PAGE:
We're making the line between Dawlish and Teignmouth more resilient

The railway is a vital artery, which connects communities, businesses and visitors in 50 towns and cities in the South West with the rest of the UK. Since the damage caused by heavy storms which resulted in an eight-week closure of the railway in 2014, we have been developing plans to improve the resilience of the railway between Exeter and Newton Abbot.

Working to stabalise the cliff face high above the railway

The South West Rail Resilience Programme was established by Network Rail to identify and implement the best options to improve rail resilience between Dawlish and Teignmouth, helping to avoid a repetition of the events of 2014.

Parson's Tunnel to Teignmouth project

We are proposing to realign the tracks in order to make room for corrective measures to stabilise the cliffs and therefore protect the railway for generations to come.

This 1.8km stretch of railway between Parsons Tunnel, near Holcombe, and Teignmouth in South Devon is a crucial, but vulnerable link which is bordered by steep cliffs on one side and the sea on the other.

Records show that landslips and rockfalls have affected the railway since it was built in the 19th century, with the last major event in 2014 stopping all trains into or out of the South west for six weeks. This had a huge impact on the local and regional economy.

Feedback from the first public consultation in 2019 helped inform the development of our proposals and a second round of consultation ran for six weeks from Monday 20 January to 01 March 2020.

Dawlish Sea Wall

We’re working on a new, larger sea wall that will protect the railway and the town for the next 100 years. Visit our Dawlish Sea Wall page to find out more about the first section of this project at Marine Parade.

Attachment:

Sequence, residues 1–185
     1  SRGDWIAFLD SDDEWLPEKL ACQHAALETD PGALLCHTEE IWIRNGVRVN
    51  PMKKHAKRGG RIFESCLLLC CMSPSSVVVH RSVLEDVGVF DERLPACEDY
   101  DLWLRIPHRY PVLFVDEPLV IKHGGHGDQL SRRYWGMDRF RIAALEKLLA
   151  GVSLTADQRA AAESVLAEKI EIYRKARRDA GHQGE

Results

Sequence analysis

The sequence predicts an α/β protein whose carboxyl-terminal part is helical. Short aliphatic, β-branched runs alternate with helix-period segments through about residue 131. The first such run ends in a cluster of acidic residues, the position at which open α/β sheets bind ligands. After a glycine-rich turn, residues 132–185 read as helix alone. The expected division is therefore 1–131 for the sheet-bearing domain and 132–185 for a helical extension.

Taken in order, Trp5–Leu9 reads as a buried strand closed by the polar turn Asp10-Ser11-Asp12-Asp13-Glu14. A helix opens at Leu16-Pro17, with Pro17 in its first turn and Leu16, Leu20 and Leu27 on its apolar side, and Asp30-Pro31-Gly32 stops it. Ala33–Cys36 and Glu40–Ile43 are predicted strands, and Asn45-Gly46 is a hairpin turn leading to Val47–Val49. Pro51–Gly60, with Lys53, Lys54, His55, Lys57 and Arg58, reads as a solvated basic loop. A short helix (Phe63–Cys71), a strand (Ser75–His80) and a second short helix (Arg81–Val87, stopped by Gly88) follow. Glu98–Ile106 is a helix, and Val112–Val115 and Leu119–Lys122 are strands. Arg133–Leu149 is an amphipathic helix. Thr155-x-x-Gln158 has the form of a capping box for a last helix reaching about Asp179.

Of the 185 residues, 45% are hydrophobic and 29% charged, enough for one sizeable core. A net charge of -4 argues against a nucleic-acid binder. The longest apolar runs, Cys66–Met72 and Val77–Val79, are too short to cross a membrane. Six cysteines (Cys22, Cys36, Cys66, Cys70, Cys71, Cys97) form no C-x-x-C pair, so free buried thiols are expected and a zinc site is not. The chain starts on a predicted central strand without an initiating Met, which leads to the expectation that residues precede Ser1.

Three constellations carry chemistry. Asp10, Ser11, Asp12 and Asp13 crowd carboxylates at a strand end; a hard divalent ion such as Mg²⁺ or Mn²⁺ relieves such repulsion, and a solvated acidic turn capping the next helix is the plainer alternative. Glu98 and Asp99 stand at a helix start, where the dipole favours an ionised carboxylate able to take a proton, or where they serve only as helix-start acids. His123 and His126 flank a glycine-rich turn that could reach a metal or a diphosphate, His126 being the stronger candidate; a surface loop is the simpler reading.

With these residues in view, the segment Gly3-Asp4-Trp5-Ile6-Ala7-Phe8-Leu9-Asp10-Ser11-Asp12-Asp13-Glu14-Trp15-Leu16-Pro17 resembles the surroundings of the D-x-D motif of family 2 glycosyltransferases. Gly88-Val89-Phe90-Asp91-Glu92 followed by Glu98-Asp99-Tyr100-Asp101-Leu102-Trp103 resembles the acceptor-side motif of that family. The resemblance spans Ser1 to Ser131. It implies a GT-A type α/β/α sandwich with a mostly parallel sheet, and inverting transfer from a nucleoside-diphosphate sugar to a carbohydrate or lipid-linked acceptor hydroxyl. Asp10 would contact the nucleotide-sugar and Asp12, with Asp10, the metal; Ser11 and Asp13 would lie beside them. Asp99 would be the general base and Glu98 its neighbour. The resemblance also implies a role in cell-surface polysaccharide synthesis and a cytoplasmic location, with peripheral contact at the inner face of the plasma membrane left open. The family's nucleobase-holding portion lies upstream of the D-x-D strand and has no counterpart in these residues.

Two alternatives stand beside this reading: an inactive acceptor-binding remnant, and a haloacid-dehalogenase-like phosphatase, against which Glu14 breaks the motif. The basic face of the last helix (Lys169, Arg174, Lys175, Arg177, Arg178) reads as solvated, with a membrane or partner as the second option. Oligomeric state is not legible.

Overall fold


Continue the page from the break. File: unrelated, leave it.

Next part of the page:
In August 2020, we received planning approval from Teignbridge District Council and in November 2020 be started work to build the remainder of the new sea wall between Coastguards and Colonnade breakwaters.

For more information on this section of the project, please visit our Dawlish sea wall – section two page.

How did we get here?

Following the extreme weather event of 2014, we undertook a complex and expensive repair operation to reinstate the line between Dawlish and Teignmouth, this work cost £35m.

Since 2014 we have been working continuously on the line and putting together plans to safeguard this vital rail artery into the South West, and out to the rest of the Britain, for future generations. This includes three studies in 2014, 2016 and 2018.

In November 2018, a 9-month plan of work began to repair the breakwaters at Dawlish as they were not providing the required level of protection this section of rail line requires and in summer 2019 we began work to replace the existing sea wall on Marine Parade, Dawlish.

Dawlish: five years since the storm that collapsed the railway

The route and the impact of the environment and extreme weather

The route runs through the Exe estuary alongside open coastline between Dawlish and Teignmouth, and the Teign estuary. It was originally selected as it was the only area that offered a level foundation for trains to travel along. However, since its construction the route has been constrained and impacted by its environment.

Long-term resilience

The Government subsequently tasked us with conducting a study into the long-term resilience of the railway line to the South West peninsula.

Network Rail commissioned the engineering company CH2M Hill (now a part of Jacobs) to conduct a study into the future options for the route between Exeter and Newton Abbot. The full study documents are below.

Exeter-Newton Abbot Resilience Strategy

Get in touch

If you have any additional questions or concerns about the work taking place in your area please call our dedicated 24-hour National Helpline on: 03457 11 41 41 or visit our contact us page.

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